Australian Capital Territory Plastic Bag Ban
Posted by Ted Duboise
Ban Effective November 1st, 2011
Australian Capital Territory (ACT) began its plastic bag ban on November 1st. All retailers, not just supermarkets, are prohibited from distributing single-use plastic shopping bags.(1)
In 2009, a plastic bags community consultation was conducted by the ACT Department of the Environment, Climate Change, Energy and Water. In that consultation, when asked, “Do you think there should be some form of restrictive government action (such as a levy or ban) in relation to free plastic shopping bags?”, 58% of respondents said “Yes”. In telephone interviews, 40% said they would support a levy and 33% said they would support a ban. See “Plastic Bags Community Consultation”
Following the consultation, the ACT legislative assembly passed The Plastic Shopping Bags Ban Act 2010 in December, 2010. Banning lightweight plastic bags in the ACT, the effective date of the ban was set for November 1, 2011 after a four-month transitional period which began July 1st.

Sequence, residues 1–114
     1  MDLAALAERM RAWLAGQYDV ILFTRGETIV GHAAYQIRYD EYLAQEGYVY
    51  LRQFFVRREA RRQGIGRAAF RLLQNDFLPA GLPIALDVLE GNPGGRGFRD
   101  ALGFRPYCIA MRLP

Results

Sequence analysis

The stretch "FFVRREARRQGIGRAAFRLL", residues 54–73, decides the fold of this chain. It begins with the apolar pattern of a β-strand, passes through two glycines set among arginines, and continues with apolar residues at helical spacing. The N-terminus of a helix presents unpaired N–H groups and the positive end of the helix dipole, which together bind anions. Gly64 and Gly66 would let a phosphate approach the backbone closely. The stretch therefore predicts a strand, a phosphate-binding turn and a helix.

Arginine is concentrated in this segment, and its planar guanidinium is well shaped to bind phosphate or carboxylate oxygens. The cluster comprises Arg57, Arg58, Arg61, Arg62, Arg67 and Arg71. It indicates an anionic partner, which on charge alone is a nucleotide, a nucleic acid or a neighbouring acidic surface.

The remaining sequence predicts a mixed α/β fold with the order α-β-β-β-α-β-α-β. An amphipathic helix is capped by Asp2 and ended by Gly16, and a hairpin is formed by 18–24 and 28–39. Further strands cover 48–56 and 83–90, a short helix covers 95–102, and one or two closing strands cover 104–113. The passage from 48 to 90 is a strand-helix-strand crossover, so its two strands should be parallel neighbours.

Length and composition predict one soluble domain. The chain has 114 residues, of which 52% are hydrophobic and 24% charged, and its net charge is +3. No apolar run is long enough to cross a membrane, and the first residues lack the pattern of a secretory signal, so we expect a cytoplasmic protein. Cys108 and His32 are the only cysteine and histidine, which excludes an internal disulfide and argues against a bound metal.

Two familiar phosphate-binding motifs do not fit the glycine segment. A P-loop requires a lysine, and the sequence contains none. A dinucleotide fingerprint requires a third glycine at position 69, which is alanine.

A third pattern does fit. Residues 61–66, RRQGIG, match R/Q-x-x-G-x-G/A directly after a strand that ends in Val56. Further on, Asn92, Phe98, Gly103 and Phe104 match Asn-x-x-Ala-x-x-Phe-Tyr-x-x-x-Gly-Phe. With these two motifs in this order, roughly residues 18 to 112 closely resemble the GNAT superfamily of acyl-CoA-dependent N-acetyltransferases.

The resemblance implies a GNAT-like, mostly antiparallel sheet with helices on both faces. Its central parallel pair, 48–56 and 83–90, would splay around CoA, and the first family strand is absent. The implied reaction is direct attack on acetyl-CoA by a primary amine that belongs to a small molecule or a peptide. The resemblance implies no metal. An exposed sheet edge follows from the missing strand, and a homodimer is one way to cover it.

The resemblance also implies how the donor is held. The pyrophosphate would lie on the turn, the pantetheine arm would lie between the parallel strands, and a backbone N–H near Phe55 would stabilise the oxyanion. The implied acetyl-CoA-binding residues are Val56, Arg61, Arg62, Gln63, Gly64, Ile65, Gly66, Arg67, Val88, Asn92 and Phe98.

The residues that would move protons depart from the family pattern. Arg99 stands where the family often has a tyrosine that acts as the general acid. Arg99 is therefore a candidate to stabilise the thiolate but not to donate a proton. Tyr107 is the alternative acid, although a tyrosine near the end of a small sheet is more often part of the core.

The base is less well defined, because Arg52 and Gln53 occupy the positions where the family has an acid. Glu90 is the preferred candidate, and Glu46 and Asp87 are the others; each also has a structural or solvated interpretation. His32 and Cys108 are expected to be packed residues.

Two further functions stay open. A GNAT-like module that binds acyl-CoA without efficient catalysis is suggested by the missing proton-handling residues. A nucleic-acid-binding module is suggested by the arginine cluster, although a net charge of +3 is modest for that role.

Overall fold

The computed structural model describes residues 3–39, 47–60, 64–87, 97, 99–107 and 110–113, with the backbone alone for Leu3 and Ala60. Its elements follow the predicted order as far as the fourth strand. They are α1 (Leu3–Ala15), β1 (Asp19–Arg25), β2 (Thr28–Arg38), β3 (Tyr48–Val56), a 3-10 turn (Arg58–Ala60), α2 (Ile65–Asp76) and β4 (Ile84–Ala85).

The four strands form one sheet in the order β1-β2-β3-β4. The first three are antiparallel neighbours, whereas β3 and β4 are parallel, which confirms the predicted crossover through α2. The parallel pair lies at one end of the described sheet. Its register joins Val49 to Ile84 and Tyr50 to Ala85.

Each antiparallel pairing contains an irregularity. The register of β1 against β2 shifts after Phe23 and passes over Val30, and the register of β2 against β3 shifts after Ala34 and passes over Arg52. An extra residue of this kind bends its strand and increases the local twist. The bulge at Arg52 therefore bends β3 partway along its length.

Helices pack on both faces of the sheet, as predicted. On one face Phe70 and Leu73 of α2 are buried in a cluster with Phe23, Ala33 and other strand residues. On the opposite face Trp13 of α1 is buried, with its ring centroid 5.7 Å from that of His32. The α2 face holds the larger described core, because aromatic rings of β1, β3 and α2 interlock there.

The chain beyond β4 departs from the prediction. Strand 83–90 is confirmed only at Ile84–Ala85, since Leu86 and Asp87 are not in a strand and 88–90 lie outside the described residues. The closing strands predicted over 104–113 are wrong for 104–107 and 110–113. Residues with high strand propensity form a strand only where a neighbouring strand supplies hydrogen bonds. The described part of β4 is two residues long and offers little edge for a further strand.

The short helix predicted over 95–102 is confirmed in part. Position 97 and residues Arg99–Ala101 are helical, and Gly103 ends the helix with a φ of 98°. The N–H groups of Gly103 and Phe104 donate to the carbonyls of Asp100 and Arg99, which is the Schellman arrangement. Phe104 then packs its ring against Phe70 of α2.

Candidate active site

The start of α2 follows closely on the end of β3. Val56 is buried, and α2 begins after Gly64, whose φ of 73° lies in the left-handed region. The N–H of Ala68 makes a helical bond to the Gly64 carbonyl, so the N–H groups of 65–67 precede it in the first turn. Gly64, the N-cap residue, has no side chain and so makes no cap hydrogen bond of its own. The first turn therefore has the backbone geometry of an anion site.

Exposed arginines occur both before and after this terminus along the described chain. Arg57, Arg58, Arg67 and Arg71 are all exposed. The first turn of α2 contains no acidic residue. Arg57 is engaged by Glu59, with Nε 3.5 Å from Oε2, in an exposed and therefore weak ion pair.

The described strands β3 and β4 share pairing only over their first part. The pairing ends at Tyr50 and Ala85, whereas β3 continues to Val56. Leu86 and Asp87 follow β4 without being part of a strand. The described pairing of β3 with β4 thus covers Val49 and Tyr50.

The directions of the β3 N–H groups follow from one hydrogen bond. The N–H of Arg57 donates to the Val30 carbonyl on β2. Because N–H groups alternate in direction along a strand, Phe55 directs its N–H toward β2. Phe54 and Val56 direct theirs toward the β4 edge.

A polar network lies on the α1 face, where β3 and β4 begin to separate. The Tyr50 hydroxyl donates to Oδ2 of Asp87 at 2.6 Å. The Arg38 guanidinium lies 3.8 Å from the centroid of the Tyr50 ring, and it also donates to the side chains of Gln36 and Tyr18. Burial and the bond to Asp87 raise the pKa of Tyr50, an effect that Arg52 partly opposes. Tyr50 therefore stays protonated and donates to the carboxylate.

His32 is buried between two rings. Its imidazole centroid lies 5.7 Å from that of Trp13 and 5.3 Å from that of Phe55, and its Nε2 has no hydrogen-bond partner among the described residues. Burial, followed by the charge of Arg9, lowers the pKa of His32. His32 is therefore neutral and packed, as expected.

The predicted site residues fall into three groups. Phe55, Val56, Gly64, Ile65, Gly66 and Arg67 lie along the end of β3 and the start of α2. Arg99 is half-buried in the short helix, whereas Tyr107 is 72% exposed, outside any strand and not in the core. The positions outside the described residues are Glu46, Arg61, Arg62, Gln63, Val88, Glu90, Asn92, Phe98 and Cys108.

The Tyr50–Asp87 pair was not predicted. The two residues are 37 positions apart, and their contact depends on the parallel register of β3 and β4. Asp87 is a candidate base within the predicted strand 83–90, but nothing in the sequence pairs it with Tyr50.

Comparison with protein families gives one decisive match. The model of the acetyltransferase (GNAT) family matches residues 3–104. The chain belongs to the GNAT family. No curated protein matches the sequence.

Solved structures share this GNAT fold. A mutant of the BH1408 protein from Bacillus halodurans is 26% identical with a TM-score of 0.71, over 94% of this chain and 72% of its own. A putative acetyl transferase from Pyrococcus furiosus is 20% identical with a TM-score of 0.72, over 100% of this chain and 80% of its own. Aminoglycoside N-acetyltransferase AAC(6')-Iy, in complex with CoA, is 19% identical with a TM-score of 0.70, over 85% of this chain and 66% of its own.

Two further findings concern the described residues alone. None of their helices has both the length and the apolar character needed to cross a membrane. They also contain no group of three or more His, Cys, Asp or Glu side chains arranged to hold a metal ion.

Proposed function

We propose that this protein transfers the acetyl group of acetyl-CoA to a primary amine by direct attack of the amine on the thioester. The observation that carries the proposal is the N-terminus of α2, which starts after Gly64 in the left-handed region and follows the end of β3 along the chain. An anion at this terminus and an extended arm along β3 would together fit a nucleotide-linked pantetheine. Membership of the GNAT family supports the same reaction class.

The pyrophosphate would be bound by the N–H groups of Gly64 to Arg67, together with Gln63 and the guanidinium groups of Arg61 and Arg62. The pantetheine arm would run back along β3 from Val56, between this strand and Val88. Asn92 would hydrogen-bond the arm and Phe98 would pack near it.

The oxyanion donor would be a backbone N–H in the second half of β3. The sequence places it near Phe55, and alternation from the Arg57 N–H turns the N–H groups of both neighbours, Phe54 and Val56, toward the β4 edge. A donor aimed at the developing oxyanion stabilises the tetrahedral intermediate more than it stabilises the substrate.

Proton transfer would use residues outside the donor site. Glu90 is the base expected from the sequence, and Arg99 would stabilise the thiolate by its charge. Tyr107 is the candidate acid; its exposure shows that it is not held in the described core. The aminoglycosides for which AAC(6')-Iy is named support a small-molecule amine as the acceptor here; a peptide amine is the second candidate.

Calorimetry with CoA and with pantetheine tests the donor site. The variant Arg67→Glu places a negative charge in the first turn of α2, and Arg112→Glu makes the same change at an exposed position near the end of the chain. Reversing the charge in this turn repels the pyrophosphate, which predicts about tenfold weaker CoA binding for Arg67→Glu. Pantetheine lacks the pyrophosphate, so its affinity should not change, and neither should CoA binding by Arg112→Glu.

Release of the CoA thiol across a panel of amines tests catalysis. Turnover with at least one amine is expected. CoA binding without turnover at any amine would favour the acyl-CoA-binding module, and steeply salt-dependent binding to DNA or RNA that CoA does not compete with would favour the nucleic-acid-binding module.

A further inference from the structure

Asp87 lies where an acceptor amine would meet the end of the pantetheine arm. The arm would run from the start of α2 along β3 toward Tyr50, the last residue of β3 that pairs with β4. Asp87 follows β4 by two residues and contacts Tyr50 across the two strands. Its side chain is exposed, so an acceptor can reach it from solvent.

According to a press release, the Plastic Shopping Bags Ban Act 2010 is legislation to reduce the presence of plastic shopping bags in the ACT’s waste stream. “This is an important step forward in reducing the amount of plastic bags that are entering the waste stream, and waste that does not break down for many hundreds of years,” stated Mr. Simon Corbell, Minister for the Environment, Climate Change and Water. “We can all play a role in finding more environmentally friendly ways to carry our shopping home, including by using reusable bags,” Mr Corbell said.
The Australian Capital Territory, often abbreviated ACT, is the capital territory of the Commonwealth of Australia and is the smallest self-governing internal territory. It is enclaved within New South Wales and is regularly referred to as Australia’s ‘Bush Capital’.(2)
The ACT joins other Australian territories in banning plastic bags: Northern Territory Australia and South Australia.
(1) Australian Capital Territory website
Photo: ACT Parliament House. Credit: Wikipedia